South of the Rio Grande , you will find: México, Belize, Guatemala, Honduras, Salvador, Nicaragua, Costa Rica, Panamá, Colombia, Perú, Paraguay, Uruguay, Argentina, Chile and Brazil. All of them are different countries, with a different history, different people, and different laws. Just last week a Canadian client called me to ask about a conversation we had in late August of past year. He had some money here, being managed by one of the local brokerage houses. In the past year he got the idea of sending a fax to the broker, asking him to purchase on the Costa Rican Stock Market Exchange some US$20,000 in shares of a Mexican Pineapple Corporation. Upon receiving the fax the broker immediately answered, letting him know, very kindly that Mexican and Costa Rican Stock Markets are different, and that as such, he could not execute that order. My client never received the fax because he does not have a fax number of his own, so, he send his fax note from a public faxing service in Canada. Of course, when the broker replied to that number, sure enough, the communication ended up in a waist basket. But that is not the end of it. Without the smallest hint of whose fault was it, my client got very angry and upset, because he said, those shares went up 40% since he ordered the purchase.
"Easy comes easy goes."
I will not even waste your time on this matter. If it sounds too good to be true, then yes! It probably is too good to be true. As far as I know, there is nobody on this earth who can give you 45% per annum in a legitimate investment. There is 'risk' even with legitimate well known and established private banks.
Our banks in Costa Rica are very conservative and quite secure but a few years ago, I helped a client who deposited a large amount of money in CDs, in one local bank. The bank had some cash flow problems, the Banking authorities intervened and then he learned that his investment was not with the local Costa Rican bank but with their 'offshore' bank& Which is supposedly on the verge of bankruptcy and most of their monies are frozen at the local bank. They are promising to pay 40 to 50% of his investment within the next 90 days, and for the rest of it, well..., maybe in 2 years, under an administration plan that they are implementing.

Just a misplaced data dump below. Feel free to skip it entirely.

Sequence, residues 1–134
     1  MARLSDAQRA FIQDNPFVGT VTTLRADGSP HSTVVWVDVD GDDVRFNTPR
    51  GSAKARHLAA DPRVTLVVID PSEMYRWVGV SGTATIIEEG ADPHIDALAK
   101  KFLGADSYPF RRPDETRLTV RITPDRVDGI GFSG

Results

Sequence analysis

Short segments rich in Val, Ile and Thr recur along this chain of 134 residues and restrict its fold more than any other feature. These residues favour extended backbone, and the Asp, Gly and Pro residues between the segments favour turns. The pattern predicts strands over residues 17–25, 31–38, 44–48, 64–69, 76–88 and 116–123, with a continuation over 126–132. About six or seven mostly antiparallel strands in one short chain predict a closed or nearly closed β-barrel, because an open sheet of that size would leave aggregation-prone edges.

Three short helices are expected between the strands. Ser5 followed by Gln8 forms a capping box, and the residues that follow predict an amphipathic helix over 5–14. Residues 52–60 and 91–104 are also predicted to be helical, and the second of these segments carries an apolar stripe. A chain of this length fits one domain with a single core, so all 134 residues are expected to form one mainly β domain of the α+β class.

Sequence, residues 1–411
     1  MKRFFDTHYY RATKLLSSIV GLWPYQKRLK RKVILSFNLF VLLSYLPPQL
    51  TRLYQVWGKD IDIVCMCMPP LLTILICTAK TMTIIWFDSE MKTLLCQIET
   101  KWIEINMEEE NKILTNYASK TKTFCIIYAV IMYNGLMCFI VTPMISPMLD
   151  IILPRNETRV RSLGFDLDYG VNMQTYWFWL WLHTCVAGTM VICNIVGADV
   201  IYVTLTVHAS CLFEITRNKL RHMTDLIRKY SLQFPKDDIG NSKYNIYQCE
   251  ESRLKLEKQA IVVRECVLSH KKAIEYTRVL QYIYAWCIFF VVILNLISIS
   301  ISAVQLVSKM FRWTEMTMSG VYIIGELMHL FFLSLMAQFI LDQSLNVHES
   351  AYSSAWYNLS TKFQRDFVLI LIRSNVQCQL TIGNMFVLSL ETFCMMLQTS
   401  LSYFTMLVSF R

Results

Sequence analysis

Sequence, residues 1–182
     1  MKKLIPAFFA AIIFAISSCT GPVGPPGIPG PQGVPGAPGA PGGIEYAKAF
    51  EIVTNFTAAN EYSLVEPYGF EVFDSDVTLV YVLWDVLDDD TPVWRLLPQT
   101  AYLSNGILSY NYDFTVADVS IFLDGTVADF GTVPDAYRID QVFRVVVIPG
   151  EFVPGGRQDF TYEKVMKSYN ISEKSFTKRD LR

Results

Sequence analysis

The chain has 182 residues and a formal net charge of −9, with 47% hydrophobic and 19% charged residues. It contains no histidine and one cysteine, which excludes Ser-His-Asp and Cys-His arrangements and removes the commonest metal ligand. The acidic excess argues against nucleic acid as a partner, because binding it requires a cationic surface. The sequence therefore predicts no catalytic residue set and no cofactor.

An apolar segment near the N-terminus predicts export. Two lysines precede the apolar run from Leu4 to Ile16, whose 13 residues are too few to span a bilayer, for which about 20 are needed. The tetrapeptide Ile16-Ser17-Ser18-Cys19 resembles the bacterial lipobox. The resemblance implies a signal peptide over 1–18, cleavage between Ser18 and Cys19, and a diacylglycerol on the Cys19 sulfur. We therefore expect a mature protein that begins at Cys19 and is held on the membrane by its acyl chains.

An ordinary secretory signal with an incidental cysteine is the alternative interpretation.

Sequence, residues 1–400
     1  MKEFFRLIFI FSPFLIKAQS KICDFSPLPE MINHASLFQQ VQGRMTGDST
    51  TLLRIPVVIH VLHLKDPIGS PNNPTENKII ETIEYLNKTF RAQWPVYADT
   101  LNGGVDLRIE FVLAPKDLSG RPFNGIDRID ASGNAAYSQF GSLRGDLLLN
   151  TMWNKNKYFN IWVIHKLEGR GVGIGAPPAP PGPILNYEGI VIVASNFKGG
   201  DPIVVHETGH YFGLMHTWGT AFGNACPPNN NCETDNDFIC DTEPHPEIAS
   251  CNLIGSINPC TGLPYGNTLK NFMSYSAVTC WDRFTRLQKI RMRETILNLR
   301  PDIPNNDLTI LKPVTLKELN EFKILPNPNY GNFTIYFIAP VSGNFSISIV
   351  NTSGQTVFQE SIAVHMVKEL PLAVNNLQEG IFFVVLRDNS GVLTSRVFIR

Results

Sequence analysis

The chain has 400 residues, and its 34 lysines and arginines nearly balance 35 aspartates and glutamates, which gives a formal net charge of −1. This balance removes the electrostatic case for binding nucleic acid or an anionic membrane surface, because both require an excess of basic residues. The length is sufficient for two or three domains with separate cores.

If you really want to live in Costa Rica then, please live IN Costa Rica
It was the year 335 B.C. Alexander the Great faced one of his greatest battles. When his army reached the Phoenician coasts, he realized their enemies outnumbered them by 3 to 1. Do you know how he managed to win the battle? Quite simple! He ordered his ships to be burnt... While the ships where on fire and sinking on the ocean, he spoke to his army and told them the only way to go back home was on their enemy's ships. It was that or else.
If you really want to become a resident in Costa Rica, you may have to burn your ships. A couple of clients had dreamed of living in Costa Rica for more than 20 years. All that while, they visited the country as tourists again and again. They had their home in the USA filled with Costa Rican decorations and constantly spoke to their friends about how much they loved Costa Rica... Finally, when they thought the time was right, they sold everything they had in the States, moved down, bought a brand new home on a hill, overlooking the valley. Everything seem so right! Until they got 'bored'. Yes, bored! Then, they sold everything they had in Costa Rica - at a significant loss of course and went back home. I had worked very hard indeed to process their residency applications before the Immigration Department. It was an unusual case but after a lot of work, I managed to convince the Immigration authorities to give them resident status. On the exact same day that I called them to give them the good news about their residency being approved, they told me they were packing to leave.
What was the reason for it all?